So, until we get our hands on it, we don’t know all of the details, it looks pretty basic, but it’s gonna cover a lot of bases for many organizations that do decide they want to back up their data. So you can decide, you can set policies to decide what it is that you’re gonna back up, so you can pick specific mailboxes, specific OneDrive, specific SharePoint libraries, so you can manage the costs around storage. You can also choose what it is that you’re going to restore, so you can search for something in particular, or you can choose to restore your entire organization, or just your OneDrive, just your SharePoint libraries, or just your Exchange mailboxes.

When you run a restore, you have to configure those three different services separately, but the restore process can run in parallel, so you don’t have to wait for one to finish before you start another. And of course, that’s important to make sure you can get your data restored in a timely manner. This solution is also designed for partners, so if you’re servicing many different companies, there’ll be a single plane of glass where you can see all of the backup and restore operations for your customers, rather than having to log into every single tenant and manage this for them. In the presentation, Microsoft gave an example of an organization that has 10 petabytes of data, and they were able to enable this backup for that organization and backup everything within minutes. Now, whether this really means minutes, I suspect probably it means hours, but they just want to make the point about how fast this technology is, and they did keep making that point, so I guess that maybe some of the third-party solutions exist at the moment are maybe not so fast, because they’re not able to hook into these new APIs, at this stage at least, that of course will be available soon for them, but Microsoft are saying, “Well, you can back up huge amounts of data and make sure that happens really fast.”

Then they went on to say, well, let’s give an example of a malware situation where a piece of ransomware affects lots of devices on the network and encrypts, let’s say one petabyte of data, because there’s lots of synchronization configured, that data has been synchronized up into the cloud, but it’s now encrypted, so the organization can’t access it. So the first step, of course, is to make sure that you clear those devices of any malware and then to restore the data. So they showed an example where you were able to restore that data, the three different services, so OneDrive, SharePoint, and Exchange, all in parallel and all very quickly. So that’s the service in a nutshell. I’d be really keen to see this when we get our hands on it within the next few weeks or months. \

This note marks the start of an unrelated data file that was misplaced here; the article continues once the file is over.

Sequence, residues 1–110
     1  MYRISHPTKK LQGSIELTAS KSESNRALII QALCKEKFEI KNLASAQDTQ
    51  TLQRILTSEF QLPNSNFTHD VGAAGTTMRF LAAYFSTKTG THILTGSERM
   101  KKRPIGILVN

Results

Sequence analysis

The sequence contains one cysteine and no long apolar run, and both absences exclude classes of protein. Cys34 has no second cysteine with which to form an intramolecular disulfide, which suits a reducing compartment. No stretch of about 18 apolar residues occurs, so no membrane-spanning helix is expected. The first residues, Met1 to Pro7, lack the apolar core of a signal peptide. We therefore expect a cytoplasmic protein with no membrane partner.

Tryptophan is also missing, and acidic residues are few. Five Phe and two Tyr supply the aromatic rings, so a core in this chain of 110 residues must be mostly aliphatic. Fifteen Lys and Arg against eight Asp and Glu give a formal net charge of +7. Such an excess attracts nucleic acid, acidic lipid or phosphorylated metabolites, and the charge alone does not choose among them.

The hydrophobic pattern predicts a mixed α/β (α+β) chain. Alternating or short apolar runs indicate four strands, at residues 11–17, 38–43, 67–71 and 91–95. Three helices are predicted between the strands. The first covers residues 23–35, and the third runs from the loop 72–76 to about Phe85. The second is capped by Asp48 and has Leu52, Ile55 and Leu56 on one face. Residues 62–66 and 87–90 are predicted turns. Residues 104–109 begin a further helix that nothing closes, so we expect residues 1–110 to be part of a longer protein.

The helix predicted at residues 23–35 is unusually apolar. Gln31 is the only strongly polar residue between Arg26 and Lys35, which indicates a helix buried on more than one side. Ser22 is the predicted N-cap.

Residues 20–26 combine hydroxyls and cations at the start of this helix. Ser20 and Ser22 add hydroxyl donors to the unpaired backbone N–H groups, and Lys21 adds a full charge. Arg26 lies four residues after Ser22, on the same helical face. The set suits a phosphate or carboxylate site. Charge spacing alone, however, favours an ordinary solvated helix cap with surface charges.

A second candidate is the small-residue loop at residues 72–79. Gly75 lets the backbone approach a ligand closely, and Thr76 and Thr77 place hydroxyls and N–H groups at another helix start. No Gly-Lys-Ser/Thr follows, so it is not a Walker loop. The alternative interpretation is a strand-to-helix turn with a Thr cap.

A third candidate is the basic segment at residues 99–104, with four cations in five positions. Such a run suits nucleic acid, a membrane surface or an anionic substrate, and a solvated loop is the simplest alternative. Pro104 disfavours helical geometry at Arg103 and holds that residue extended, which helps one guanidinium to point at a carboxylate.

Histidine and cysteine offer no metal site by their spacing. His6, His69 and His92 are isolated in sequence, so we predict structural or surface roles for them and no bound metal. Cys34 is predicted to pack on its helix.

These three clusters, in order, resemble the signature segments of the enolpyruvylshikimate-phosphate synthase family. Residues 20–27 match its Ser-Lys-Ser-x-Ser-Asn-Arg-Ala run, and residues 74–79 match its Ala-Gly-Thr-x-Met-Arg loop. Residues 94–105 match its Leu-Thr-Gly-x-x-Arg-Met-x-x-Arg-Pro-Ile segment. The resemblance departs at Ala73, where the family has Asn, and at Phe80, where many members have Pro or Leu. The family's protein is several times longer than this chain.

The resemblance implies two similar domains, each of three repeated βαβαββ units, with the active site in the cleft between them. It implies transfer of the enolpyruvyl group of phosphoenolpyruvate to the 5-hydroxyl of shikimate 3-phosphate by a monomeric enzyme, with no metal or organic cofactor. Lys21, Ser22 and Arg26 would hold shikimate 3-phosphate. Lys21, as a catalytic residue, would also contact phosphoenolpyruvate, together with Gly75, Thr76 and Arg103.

What do you think about it?

Do you already have a third-party solution for backing up data in the Microsoft 365 cloud? Or in your situation, do you think it’s unnecessary? So it really depends on your organization, how you’ve got things set up on your end clients, whether the risk of accidental deletion is quite large, how complex your organization is, and what other policies you have set up for retention, archiving, hold, all that kind of thing, as to whether really something like this is necessary. But it would be interesting to know what you think about it in the comments. Back in May, Microsoft announced some new features will come into Windows Auto Patch, and as of the 20th of July, they are now generally available. So just a quick reminder, Windows Auto Patch is a system for patching your end devices. So they need to be joined to Azure AD or hybrid joined. It works on Windows 10 and Windows 11, and it allows artificial intelligence to basically decide and control the updating process for your endpoints.

So, it takes the manual work out of things like Windows Update for Business, where you have to decide and make all of those decisions. So the new features that are now generally available include the ability to upgrade to Windows 11 from Windows 10. You can now divide your Auto Patch estate into groups. So you can assign different deployment rings, custom cadences, and the content that you want to update. And you can have a maximum of up to 50 groups.(…) There are now some new policy health alerts. So you’ll be alerted if any policies get changed, or there are any policies that should be there that are now missing. There’s some updates to reporting. So there are new report blades for feature and quality updates, and you can also drill down into the information that’s provided there. And you can also filter reports into eight distinct categories.